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In a first for one of the partnerships created through the Research Without Borders initiative, a joint-research endeavour between investigators here at St. Boniface Hospital Research and Ben-Gurion University of the Negev, Beer-Sheva, Israel, Dr. Hope Anderson and Dr. Yoram Etzion recently published findings on the endocannabinoid system as a therapeutic target, specifically with respect to atrial fibrillation (AF).

“The most devastating complications of AF are events such stroke and heart failure. Treatment approaches such as drugs and surgery do exist, but these are limited in effectiveness. In fact, the need for improved therapeutic options is well-recognized,” said Dr. Anderson.

As reported in the paper, drugs which activate cannabinoid (CB) receptors blocked changes in the heart, as well as signalling abnormalities that are hallmarks of AF, indicating these drugs may be a new treatment strategy to treat AF, and therefore warrant further study.

“The focus of the project on the cardiac endocannabinoid system, which is the expertise of Anderson’s lab, as a possible therapeutic target in atrial fibrillation, which is the main focus of my laboratory, has created a fruitful synergistic collaboration for both groups,” elaborated Dr. Etzion, who is an Associate Professor, Dept. of Physiology and Cell Biology and Head, Cardiac Arrhythmia Research Laboratory at BGU. “We hope that the current highly encouraging findings will lead to a long-standing collaboration that may eventually lead to critical therapeutic implications for AF patients,” he added. When feasible, the next steps include Dr. Etzion visiting St. Boniface Hospital Research Centre to assist Anderson’s lab in establishing his pioneering technology within its research program.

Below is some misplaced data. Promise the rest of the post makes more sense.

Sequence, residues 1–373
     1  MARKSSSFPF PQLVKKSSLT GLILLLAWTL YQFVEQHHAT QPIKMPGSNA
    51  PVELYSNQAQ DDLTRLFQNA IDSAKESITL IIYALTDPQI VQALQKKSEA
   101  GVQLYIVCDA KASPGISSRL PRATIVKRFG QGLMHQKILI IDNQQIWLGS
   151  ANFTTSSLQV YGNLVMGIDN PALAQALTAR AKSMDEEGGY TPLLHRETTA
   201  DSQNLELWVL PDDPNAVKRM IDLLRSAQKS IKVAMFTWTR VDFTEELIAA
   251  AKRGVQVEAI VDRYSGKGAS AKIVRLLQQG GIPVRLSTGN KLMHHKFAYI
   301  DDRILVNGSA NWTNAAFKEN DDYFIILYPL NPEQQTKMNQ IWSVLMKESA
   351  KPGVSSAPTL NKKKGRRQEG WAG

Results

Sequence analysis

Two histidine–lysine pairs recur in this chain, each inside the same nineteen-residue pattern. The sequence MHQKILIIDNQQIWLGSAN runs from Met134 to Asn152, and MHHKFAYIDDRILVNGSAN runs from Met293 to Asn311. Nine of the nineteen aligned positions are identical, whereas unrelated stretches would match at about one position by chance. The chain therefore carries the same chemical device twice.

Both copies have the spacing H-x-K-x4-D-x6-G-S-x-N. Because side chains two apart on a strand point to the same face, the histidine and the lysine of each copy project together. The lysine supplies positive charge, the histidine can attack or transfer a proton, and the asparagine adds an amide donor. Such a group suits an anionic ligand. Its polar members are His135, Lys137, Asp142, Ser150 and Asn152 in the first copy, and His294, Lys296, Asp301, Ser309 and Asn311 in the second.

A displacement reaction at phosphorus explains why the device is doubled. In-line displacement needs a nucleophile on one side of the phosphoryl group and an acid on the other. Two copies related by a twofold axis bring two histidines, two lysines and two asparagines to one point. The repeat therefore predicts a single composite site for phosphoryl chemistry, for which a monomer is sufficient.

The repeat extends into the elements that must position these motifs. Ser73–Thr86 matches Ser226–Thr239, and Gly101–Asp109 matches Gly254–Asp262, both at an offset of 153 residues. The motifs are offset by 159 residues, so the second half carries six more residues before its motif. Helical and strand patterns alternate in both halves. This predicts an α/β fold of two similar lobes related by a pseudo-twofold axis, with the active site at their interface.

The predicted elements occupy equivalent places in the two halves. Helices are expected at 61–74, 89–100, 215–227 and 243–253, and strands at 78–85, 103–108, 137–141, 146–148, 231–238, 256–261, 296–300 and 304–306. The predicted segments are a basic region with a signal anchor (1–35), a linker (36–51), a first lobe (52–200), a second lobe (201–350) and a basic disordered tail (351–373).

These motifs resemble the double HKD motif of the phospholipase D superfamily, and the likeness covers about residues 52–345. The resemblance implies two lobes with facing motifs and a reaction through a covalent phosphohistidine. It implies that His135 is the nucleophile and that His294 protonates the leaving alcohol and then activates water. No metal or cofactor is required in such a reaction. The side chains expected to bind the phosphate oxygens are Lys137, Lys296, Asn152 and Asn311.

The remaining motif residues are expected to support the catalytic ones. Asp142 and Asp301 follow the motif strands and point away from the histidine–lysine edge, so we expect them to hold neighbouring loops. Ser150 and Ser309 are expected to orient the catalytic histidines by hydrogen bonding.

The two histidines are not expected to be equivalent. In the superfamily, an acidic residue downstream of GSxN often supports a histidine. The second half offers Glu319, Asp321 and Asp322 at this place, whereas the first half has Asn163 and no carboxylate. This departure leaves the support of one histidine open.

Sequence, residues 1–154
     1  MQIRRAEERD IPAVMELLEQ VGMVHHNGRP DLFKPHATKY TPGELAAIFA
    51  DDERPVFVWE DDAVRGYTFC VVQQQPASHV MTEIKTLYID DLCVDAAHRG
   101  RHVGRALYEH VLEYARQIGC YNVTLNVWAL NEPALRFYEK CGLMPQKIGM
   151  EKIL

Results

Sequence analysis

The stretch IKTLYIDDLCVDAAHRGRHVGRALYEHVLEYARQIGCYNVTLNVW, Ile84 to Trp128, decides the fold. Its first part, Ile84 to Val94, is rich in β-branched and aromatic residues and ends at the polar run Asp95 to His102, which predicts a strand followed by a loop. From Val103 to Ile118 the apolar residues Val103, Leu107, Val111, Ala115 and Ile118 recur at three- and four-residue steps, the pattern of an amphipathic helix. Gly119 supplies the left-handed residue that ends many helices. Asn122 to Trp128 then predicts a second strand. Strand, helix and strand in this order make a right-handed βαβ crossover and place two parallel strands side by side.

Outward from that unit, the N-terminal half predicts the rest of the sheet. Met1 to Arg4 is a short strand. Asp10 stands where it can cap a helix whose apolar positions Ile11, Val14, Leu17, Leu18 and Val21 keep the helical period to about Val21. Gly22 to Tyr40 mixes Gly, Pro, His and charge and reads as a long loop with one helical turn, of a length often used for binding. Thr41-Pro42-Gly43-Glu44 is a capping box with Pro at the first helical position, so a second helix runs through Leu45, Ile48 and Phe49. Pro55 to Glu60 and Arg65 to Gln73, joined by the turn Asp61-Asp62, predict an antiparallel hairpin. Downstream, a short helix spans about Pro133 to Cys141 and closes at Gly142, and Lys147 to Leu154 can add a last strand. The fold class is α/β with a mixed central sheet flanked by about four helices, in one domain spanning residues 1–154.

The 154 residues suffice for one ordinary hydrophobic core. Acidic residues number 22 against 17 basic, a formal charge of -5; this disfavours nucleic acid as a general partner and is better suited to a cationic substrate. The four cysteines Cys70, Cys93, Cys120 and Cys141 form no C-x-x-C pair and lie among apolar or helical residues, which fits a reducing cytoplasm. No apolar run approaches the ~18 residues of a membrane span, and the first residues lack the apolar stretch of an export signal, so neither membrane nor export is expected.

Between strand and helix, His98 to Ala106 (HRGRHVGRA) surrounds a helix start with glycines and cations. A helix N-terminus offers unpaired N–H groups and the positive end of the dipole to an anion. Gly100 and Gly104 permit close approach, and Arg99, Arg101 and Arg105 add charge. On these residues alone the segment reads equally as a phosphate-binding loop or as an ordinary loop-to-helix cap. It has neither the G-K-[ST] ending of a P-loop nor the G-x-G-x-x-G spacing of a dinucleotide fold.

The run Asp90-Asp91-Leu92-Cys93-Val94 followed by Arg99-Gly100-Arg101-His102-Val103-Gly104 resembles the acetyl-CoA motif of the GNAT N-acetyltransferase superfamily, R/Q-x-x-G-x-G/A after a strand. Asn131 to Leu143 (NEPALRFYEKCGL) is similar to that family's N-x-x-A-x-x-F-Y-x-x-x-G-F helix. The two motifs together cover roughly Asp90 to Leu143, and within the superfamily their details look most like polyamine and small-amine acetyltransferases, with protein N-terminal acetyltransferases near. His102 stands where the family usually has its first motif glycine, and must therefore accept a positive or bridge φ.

Work undertaken by Danielle Lee, a Ph.D. student in Anderson’s lab was vital to this development.

“I visited Ben Gurion University for a term in 2019 and was taught how to use their novel ex vivo tachypacing Langendorff technique. Further experiments conducted since my return to Winnipeg have demonstrated that CB13, a synthetic cannabinoid, altered tachypacing-induced atrial remodelling. CB13 prevented atrial effective refractory period shortening and altered Cx43. Additionally, CB13 also activated cardioprotective mediators in regards to metabolic dysfunction (e.g. AMPK and PGC1alpha). These findings are important as they demonstrate that cannabinoid receptors and cannabinoid therapies may be able to prevent atrial remodelling in patients suffering from atrial fibrillation,” she shared.